Person Convicted Of A Criminal Charge Is Not Fit To Serve As Police Officer: J&K&L High Court
The Jammu and Kashmir and Ladakh High Court has observed that a person, who has been convicted of a criminal charge is not fit to serve as a police official or officer.
The Bench of Justice Sanjay Dhar noted thus "…the service of police department is not like service of any other department. A person, who has been convicted of a criminal charge is definitely not fit to serve as police official/officer not even as an SPO."
The Court was dealing with a plea challenging the order whereby the Petitioner was disengaged from the roll of Special Police Officers (SPOs) of the District Ramban.
Advocate M.P. Sharma represented the Petitioner.
It was the case of the Petitioner that he was engaged as Special Police Officer (SPO) whereafter he continued to discharge his functions honestly in a dedicated and faithful manner.
It was submitted that an FIR came to be registered against the petitioner, whereafter challan was presented again him and the respondents without holding any enquiry and without issuing any show cause notice to the petitioner, terminated his service.
It was contended that the Petitioner has not committed any offence and the case lodged against him is absolutely false.
The Court noted that an SPO engaged under Section 18 of the Police Act is not entitled to right of any hearing or enquiry, keeping in view the nature of his engagement. Therefore the Court held that it was not incumbent upon the respondents to hold an enquiry or give an opportunity of hearing to the Petitioner before terminating his services as SPO.
The Court further added that the contention of the Petitioner that because co-accused after passing of the judgment by the criminal Court, were re-instated in their respective services and as such, he should also be re-instated, cannot be accepted.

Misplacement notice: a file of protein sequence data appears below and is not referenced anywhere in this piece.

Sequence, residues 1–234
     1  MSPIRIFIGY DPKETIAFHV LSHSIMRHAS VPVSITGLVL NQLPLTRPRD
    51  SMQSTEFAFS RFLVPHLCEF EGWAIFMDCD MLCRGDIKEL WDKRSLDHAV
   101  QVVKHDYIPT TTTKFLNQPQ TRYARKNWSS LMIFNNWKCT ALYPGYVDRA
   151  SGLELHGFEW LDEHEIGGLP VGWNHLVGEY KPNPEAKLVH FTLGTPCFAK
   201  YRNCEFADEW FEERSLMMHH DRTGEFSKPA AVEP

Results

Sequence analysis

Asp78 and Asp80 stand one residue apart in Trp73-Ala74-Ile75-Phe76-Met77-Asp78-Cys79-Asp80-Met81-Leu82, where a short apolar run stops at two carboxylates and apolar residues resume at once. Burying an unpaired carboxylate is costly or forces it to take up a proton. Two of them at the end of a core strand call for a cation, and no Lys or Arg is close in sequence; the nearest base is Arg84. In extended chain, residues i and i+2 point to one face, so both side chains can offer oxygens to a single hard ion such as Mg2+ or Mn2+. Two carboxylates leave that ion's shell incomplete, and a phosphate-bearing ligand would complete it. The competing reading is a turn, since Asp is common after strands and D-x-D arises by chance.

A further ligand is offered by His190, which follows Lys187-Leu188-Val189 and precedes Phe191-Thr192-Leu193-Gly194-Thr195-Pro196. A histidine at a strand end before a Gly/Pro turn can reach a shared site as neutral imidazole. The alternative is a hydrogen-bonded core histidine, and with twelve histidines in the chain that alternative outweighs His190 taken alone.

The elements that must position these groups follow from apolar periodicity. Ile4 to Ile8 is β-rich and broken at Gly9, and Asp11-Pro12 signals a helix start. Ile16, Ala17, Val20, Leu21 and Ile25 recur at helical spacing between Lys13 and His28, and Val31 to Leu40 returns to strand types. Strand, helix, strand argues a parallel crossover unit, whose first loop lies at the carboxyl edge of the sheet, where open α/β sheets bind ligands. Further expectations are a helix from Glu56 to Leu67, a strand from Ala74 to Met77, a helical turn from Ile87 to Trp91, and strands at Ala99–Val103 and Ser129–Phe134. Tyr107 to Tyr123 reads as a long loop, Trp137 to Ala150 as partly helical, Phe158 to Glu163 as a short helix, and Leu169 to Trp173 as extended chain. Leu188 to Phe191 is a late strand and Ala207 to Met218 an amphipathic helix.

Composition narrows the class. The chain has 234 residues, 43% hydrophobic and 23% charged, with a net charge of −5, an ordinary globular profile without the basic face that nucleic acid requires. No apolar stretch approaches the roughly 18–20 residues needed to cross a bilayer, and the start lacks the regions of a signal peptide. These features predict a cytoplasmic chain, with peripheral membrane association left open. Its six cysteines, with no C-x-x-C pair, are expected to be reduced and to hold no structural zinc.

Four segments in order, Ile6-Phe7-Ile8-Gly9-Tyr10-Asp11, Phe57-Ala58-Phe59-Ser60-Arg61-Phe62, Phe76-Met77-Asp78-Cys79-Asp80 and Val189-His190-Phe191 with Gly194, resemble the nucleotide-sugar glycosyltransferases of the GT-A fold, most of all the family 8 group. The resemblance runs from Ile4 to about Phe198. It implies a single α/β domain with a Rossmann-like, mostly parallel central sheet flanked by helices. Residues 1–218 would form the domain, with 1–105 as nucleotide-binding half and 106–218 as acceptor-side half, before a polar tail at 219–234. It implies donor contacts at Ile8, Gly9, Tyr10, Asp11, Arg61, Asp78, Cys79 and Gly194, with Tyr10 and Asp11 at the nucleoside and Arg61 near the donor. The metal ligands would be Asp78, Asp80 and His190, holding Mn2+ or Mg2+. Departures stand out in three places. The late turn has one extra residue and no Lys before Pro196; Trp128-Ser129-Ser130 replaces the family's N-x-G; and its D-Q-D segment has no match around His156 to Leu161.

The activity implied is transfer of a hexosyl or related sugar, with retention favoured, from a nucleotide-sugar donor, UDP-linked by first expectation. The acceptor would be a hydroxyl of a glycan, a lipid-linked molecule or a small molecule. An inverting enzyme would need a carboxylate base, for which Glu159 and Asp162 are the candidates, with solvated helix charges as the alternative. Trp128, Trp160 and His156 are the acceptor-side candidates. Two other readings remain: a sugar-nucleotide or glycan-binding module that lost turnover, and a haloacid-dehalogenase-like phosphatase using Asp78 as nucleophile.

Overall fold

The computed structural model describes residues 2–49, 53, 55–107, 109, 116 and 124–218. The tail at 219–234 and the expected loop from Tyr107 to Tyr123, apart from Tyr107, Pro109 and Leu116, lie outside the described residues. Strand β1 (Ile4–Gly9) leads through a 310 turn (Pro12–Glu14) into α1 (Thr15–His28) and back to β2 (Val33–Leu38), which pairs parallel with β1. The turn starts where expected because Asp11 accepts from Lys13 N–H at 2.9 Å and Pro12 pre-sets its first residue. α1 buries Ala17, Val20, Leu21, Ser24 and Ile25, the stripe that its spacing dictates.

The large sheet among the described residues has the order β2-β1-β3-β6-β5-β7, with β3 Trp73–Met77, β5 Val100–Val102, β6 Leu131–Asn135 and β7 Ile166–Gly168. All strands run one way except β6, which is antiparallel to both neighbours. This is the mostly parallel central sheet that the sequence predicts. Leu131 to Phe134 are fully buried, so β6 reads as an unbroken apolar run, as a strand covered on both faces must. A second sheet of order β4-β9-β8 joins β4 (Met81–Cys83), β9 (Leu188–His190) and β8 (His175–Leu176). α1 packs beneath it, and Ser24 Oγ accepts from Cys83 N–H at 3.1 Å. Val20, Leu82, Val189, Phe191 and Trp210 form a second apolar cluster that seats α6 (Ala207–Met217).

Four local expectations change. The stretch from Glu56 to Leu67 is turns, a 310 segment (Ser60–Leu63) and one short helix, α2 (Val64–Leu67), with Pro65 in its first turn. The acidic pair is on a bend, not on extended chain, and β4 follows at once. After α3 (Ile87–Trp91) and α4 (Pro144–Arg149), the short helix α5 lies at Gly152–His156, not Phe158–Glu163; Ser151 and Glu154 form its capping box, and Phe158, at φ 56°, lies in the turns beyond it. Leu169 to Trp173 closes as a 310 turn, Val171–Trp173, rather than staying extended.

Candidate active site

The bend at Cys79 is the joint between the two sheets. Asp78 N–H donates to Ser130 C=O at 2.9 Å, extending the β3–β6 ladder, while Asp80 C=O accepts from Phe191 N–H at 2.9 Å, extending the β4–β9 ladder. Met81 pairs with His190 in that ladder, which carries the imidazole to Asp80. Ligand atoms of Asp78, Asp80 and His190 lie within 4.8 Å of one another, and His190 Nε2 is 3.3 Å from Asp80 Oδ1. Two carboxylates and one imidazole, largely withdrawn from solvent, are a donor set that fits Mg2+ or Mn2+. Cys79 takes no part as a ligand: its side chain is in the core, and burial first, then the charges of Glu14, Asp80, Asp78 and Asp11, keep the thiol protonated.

"The nature of service of a police official cannot be equated with the nature of any other service. Thus, there has been no discrimination against the petitioner.", the Court observed.
The Court also observed that "…the writ petition suffers from delay and laches. The impugned order was passed by the respondents way back in the year 2013 and the judgment of the criminal Court was delivered in the year 2018. Therefore, the petitioner has approached this Court after more than four years after delivery of the judgment by the Criminal Court."
The Court remarked that the Petitioner's conduct showed that he was acquiesced in the inaction of the respondents and that only after more than four years the petitioner woke up from deep slumber.
"The remedy provided under Article 226 of the Constitution of India is discretionary in nature and the High Court in exercise of its discretionary jurisdiction does not ordinarily come to the rescue of a tardy, indolent, acquiescent and lethargic litigant.", the Court observed.
Accordingly, the Court dismissed the petition.
Cause Title-Bashir Ahmed v. Union Territory of J&K and others